Global spending on SaaS is expected to reach $45.6B by 2017, according to industry estimates. SaaS is often used by line-of-business leaders who are looking to deploy technology to rapidly provide their teams with needed functionality, increase productivity and address new market opportunities. In fact, industry analysts estimate that by 2017, CMOs will spend more on IT than CIOs, while Forrester reports that 65 percent of business leaders have plans to buy technology for their group without involving IT at all.
However, circumventing IT to deploy SaaS without provisioning and securing it first can have unintended consequences, and IBM’s study suggests that organizations in which IT and business leaders work together to select, secure and deploy SaaS applications are in fact the ones who deliver the greatest value to their organization. Further, organizations that are gaining the most out of their SaaS deployments are more likely to see it as a critical piece of their enterprise cloud strategy when compared to their peers.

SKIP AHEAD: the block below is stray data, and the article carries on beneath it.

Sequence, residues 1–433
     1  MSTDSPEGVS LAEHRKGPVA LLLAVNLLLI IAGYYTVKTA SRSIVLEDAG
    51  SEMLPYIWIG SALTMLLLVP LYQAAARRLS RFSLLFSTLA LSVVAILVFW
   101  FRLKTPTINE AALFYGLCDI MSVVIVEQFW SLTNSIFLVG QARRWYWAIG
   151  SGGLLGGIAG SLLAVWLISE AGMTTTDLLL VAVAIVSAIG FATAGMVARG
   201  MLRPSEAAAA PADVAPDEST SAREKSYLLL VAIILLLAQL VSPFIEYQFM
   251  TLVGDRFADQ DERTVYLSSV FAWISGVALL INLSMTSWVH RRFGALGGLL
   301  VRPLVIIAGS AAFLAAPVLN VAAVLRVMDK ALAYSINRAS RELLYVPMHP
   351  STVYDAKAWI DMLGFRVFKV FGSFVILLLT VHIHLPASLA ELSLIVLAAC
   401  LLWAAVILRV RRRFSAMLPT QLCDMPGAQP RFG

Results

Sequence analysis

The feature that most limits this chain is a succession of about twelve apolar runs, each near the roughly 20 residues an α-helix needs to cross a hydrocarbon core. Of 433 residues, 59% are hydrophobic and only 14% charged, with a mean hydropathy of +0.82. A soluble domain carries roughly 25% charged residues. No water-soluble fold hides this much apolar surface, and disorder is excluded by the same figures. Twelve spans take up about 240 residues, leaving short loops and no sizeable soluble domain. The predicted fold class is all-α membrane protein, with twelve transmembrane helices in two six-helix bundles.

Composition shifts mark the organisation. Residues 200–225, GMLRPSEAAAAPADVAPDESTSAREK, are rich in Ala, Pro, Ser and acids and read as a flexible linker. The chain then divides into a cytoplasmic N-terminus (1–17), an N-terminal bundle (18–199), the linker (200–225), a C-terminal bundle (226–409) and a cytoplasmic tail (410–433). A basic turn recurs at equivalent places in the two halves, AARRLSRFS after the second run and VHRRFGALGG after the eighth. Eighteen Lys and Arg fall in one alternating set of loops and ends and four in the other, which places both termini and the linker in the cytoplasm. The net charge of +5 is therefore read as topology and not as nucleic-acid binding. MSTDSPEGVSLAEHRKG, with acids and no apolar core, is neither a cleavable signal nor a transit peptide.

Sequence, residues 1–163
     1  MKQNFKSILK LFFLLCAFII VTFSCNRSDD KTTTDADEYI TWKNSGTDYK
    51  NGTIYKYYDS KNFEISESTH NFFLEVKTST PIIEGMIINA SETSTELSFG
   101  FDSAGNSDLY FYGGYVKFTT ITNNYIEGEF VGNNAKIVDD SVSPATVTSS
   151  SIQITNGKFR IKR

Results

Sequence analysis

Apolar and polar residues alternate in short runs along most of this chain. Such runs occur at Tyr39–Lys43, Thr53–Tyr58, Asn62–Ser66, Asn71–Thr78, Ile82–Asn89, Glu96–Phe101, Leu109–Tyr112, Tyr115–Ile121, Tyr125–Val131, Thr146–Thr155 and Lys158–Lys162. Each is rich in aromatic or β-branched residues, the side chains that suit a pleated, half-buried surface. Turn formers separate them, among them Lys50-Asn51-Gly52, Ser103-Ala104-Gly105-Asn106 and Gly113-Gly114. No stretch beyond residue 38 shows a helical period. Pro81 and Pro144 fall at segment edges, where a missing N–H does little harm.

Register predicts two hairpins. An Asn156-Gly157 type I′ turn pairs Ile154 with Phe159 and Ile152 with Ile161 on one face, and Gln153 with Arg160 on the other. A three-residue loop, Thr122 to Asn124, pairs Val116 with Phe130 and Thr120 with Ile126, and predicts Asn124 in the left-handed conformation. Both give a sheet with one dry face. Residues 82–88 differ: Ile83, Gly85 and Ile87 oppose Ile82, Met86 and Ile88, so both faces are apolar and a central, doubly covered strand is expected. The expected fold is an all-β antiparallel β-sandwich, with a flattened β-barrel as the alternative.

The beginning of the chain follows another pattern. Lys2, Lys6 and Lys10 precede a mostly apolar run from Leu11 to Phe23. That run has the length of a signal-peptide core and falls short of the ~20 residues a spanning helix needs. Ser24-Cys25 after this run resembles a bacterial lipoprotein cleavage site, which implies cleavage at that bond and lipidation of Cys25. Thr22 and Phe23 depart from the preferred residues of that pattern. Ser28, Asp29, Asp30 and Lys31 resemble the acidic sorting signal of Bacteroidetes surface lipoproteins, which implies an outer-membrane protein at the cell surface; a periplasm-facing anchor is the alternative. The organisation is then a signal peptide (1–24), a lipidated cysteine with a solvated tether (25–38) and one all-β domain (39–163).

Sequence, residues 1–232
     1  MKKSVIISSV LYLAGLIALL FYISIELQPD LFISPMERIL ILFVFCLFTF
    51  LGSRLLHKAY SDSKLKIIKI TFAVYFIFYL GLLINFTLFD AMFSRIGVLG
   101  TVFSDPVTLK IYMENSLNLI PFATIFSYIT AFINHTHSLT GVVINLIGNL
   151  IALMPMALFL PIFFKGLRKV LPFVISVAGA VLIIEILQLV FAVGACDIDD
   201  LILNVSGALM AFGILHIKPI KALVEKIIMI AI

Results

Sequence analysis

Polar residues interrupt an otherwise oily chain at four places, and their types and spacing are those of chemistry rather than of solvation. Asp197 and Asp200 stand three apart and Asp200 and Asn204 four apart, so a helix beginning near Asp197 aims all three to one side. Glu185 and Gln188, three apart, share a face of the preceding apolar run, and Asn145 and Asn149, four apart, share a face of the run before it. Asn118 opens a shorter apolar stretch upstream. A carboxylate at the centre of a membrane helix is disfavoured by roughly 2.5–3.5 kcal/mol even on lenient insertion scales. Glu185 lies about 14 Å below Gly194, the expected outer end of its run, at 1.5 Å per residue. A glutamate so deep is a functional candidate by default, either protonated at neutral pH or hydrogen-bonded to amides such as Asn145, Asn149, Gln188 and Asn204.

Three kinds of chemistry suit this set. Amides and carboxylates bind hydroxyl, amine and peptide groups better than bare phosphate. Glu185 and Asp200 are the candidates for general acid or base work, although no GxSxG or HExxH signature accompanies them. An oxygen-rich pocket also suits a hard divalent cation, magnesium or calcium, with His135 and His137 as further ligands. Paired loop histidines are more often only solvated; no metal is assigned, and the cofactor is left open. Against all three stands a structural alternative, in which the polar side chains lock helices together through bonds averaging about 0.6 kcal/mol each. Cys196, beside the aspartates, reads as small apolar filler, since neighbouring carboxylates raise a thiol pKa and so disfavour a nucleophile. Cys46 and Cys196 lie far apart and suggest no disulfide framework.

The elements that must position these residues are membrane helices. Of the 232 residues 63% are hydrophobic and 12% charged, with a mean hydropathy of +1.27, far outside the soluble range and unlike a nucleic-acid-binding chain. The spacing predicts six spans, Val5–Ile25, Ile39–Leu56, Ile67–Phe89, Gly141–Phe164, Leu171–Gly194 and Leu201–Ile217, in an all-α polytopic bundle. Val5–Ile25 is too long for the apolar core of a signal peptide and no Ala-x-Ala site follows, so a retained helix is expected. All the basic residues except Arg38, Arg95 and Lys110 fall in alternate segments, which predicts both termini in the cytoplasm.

Nearly one in five companies that responded to IBM’s survey has deployed SaaS broadly and is now gaining competitive advantage as a result. By developing mature and cohesive enterprise-wide SaaS strategies, these Pacesetter organizations are able to improve market agility, achieve a deeper level of collaboration and make better decisions than their peers. Specifically, compared to peers that are newer or less advanced with their SaaS adoption, Pacesetters are:
-- 79 percent more likely to have increased collaboration across their organization and ecosystem through SaaS
-- More than twice as likely to have leveraged analytics across the organization to turn big data into insights using SaaS
-- More than twice as likely to have increased innovation using SaaS
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